Hulu and TV Networks Are Stirring Trouble for Netflix
A distribution deal between Hulu — co-owned by NBCUniversal (NASDAQ:CMCSA), Fox (NASDAQ:NWSA), and NBC (NYSE:ABC) — Fremantle Media was officially announced Sunday night. Shows produced by Hulu will find their way onto TV networks in the U.K., establishing the site as a testbed for new TV content. Under the agreement, Fremantle will be able to distribute Hulu TV shows worldwide except for in the U.S. and Japan, where Hulu has its own services.
In recent weeks, Hulu has expanded its original content line-up, which also coincides with Netflix’s (NASDAQ:NFLX) plans to begin spending heavily on original content. While Netflix is trying to compete with TV networks like HBO by buying shows, Hulu is trying to make TV content that works with TV networks rather than against them. In February, Hulu launched its own scripted show Battleground, and will be premiering a travel series called Up to Speed this summer.
Hulu is looking to make its site a testbed for shows to be picked up by traditional TV networks. Last summer, Hulu secured exclusive rights to a dark superhero comedy, Misfits, which became the most-viewed show on the site for several consecutive weeks. Hulu plays a huge role in the success of TV shows and adapts shows for U.S. audiences. The site has also recently secured the rights to Morgan Spurlock’s documentary A Day in the Life, which Fremantle will distribute and air exclusively. Hulu’s decision to work with TV networks, rather than against them, while still pioneering content could certainly mean trouble for Netflix.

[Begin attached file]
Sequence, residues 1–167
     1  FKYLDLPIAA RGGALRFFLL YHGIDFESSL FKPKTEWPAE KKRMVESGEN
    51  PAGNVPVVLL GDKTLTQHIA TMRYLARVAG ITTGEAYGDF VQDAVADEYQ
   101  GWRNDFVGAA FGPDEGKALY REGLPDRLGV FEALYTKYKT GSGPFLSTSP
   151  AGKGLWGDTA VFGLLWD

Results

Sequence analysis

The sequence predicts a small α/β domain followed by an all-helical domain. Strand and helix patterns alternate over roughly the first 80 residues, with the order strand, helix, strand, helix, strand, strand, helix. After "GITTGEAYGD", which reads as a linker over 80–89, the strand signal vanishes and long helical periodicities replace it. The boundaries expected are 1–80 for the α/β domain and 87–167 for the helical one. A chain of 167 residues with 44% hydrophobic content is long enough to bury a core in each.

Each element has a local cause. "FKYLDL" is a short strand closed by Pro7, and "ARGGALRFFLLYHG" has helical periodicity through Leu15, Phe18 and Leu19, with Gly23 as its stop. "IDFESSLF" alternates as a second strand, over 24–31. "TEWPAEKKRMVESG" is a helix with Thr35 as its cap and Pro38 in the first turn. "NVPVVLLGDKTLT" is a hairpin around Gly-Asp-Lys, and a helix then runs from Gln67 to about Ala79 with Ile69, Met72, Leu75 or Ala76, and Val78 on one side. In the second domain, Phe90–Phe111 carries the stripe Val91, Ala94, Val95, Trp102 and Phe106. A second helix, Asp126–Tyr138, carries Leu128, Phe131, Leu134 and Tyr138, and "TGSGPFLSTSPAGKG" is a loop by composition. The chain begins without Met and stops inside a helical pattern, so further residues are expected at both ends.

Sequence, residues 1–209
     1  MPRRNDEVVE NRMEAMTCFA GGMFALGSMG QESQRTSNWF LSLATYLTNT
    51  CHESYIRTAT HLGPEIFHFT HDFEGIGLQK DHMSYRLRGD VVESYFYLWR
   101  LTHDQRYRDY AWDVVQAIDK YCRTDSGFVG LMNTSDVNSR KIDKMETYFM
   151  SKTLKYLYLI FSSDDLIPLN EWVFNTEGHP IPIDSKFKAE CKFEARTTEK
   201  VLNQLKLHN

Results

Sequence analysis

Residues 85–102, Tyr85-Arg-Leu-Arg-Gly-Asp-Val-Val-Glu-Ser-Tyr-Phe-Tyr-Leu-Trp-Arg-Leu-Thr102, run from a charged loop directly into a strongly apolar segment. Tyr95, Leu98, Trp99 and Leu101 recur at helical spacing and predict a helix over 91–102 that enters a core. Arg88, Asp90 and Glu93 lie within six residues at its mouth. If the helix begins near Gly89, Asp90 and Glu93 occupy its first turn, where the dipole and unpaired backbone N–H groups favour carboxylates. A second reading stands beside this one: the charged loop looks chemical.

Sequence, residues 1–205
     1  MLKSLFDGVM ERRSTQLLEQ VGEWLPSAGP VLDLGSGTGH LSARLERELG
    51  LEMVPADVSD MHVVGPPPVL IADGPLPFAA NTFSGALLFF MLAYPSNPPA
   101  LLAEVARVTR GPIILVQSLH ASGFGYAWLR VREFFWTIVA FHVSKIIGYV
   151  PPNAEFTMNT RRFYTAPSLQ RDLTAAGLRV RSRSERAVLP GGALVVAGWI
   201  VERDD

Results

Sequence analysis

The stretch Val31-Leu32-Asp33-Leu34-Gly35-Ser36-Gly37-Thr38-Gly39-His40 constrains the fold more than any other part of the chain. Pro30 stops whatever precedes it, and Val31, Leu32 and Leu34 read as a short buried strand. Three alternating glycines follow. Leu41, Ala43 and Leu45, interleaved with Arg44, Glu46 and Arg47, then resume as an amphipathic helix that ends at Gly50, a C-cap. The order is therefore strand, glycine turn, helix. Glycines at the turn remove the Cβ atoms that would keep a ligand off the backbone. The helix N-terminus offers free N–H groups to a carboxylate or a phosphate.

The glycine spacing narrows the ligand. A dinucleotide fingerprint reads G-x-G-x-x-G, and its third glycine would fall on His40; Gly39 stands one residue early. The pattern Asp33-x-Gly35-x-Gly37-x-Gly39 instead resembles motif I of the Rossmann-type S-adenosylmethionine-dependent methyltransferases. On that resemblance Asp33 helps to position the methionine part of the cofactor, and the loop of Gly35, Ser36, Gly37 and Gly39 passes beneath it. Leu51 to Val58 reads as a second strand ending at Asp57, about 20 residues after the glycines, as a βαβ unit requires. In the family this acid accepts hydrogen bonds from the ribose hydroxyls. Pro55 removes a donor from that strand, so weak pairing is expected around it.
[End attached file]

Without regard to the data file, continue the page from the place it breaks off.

Hulu is looking to control its own services running in the U.S. and Japan, and is strategically using TV networks to branch out to the rest of the world. Hulu is aware of its potential to generate huge revenue in markets where it does not have an online presence. The revenue that Hulu generates can be funneled back into the production of original content to generate more revenue — a cycle that Hulu is looking to continue.
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